The Saltiness of the Costliness of Grace
One of the more intriguing sayings of Jesus which is recorded in each of the Synoptic Gospels is his comparison of the disciples of God to the “salt of the earth.” Found in Matthew 5:13; Mark 9:49–50; and Luke 14:34–35, one can read a similarly repeated axiom of the Lord Jesus. Yet, when one considers the contextual surroundings in each instance, a different hue is cast upon this illustrious saying. Regardless, the color is still the gospel.
In the Matthean account, for example, this adage is placed near the very beginning of Christ’s Sermon on the Mount. (Matt. 5—7) “You are the salt of the earth,” Jesus declares. “But if the salt should lose its taste, how can it be made salty? It’s no longer good for anything but to be thrown out and trampled under people’s feet.” (Matt. 5:13) With its placement here, as Jesus begins his earthly ministry, one is made to see the stimulating effect of “salt,” both naturally and spiritually. Throughout this discourse and the other Matthean discourses, Jesus is intentional about what constitutes true religion. Where the Pharisees had mistakenly reckoned that righteousness would come about through meritorious law-keeping of their own accord, Christ upset their notions of personal achievement and, instead, declared that righteousness, true religion, would come by a righteousness that “surpasses that of the scribes and Pharisees.” (Matt. 5:20)
As such, Christ’s illustration of his disciples as “salt,” here, connotes not only the stimulating influence his followers ought to have but also the stifling impact the Pharisees had had on “true religion” up to this point. “They tie up heavy loads that are hard to carry,” Jesus rebukes, “and put them on people’s shoulders . . . [they] shut the door of the kingdom of heaven in people’s faces.” (Matt. 23:4, 13) Christ’s disciples were to be the opposite: they were to unburden the weary, directing the lost to the kingdom of the true God, in peace and gentleness. They were to be about the weightier matters of the law: “justice, mercy, and faithfulness.” (Matt. 23:23)
Similarly, the Markan record of this saying appears in chapter 9. “For everyone will be salted with fire,” Jesus says. “Salt is good, but if the salt should lose its flavor, how can you season it? Have salt among yourselves, and be at peace with one another.” (Mark 9:49–50) In the context of Mark’s Gospel, this remark occurs just after the Transfiguration (Mark 9:2–12) and just prior to the Triumphal Entry. (Mark 11:1–11) Therefore, it is indicative of a later moment in Jesus’s earthly ministry. And, once again, the scene just prior to Jesus’s “salt” saying provides an incisive look as to his intent by such a remark.
In Mark 9:33–37 is recorded the infamous squabble of the disciples to determine “Who is the greatest?” Though none of the apostles admits verbally to such a debate (Mark 9:34), Jesus knew their hearts and decides to take the opportunity to showcase what his Father’s kingdom would truly look like, all by taking a child in his arms. (Mark 9:36–37) The scandal of this embrace is lost to the modern Western ear. In Jesus’s day, children were not viewed with the same cherubic affection with which they are seen today. Rather, they were considered lesser adults, almost nonpersons. O. M. Bakke asserts that “children were seen as of no more consequence than those of animals.” (16) By Jesus’s equation of his disciples posture with that of children, he was thereby associating himself and all who follow him with those who care for the oppressed, for the weak, for the “least of these.”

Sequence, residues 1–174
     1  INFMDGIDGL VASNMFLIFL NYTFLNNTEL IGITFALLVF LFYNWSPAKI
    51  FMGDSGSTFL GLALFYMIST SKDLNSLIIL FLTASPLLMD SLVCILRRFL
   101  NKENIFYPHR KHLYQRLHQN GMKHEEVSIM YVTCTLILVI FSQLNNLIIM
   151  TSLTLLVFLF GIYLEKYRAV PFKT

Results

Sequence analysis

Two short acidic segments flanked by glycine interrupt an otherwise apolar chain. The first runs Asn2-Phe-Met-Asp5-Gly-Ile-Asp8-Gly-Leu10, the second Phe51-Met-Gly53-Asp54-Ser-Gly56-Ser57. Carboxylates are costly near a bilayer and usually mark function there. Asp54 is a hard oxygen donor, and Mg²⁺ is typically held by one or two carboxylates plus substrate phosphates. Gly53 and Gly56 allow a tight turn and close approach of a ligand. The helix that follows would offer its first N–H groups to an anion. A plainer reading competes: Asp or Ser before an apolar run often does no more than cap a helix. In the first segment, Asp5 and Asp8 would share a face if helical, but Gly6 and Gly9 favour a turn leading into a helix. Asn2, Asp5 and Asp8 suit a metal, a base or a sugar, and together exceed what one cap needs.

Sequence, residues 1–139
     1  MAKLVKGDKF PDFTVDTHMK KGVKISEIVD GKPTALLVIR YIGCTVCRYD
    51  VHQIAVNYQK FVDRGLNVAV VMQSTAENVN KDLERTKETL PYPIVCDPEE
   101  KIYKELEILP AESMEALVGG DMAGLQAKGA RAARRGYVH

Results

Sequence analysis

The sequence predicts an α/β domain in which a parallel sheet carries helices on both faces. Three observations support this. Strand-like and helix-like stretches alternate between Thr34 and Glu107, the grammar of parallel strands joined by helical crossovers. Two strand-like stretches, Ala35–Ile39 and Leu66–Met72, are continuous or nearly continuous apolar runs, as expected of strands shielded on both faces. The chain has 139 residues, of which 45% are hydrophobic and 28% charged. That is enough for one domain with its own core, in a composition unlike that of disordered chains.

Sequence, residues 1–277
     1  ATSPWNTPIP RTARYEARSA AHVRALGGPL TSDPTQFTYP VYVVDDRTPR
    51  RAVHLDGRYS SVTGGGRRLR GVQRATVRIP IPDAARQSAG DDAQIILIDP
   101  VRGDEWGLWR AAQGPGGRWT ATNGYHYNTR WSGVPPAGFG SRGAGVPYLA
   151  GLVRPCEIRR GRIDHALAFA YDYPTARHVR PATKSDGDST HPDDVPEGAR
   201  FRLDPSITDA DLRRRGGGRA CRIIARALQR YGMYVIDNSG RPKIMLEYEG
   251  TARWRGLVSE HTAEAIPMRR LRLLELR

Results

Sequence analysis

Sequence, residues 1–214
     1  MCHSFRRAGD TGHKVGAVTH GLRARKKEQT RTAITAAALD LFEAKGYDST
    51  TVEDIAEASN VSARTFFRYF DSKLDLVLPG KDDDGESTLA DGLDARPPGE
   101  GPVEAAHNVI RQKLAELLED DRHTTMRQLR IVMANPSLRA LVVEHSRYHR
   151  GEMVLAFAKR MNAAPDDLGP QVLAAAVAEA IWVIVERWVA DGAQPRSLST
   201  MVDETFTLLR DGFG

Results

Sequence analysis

Accordingly, Jesus reproves his disciples, stating, “Whoever causes one of these little ones who believe in me to fall away — it would be better for him if a heavy millstone were hung around his neck and he were thrown into the sea.” (Mark 9:42) Stifling the faith of children was tantamount to spiritual suicide. Rather, like salt, Jesus’s disciples were to have a stimulating influence on persons of all ages, from all walks of life. They were to even have a similar galvanizing affect among themselves. Such is why Christ counsels them, “Have salt among yourselves.”
Turning to the Lukan account, one is given another instance of Jesus’s reference to salt but on a new occasion. In Luke’s Gospel, the adage comes as Christ turns and schools the crowds on the cost of discipleship. “Now, salt is good,” Jesus says, “but if salt should lose its taste, how will it be made salty? It isn’t fit for the soil or for the manure pile; they throw it out. Let anyone who has ears to hear listen.” (Luke 14:34–35) This comes on the heels of extended teachings and parables that were given “at the house of one of the leading Pharisees.” (Luke 14:1) As Christ discusses and demonstrates true religion, he makes incontrovertible the fact that those who follow him are given the opportunity and privilege to impact their neighbors for the sake of the kingdom.
The use of salt, here, has an enhancing affect. Just as salt is applied to enhance and bring out optimum flavor, so should the followers of God enhance the spiritual life of those with whom they live. The people of God have (or ought to have) a stimulating affect on those around them. Not by tendering the sugary sweetness of morality and spiritual achievement. Rather it is, as Robert Capon notes, by proclaiming the “salt of Jesus’ passion and death” (35) that such a life comes. The brusque saltiness of the costliness of grace is what galvanizes all motives for true religion and discipleship.
O. M. Bakke, When Children Became People: The Birth of Childhood in Early Christianity (Minneapolis, MN: Fortress Press, 2005).
Robert Capon, The Parables of Grace (Grand Rapids, MI: Wm. B. Eerdmans, 1996).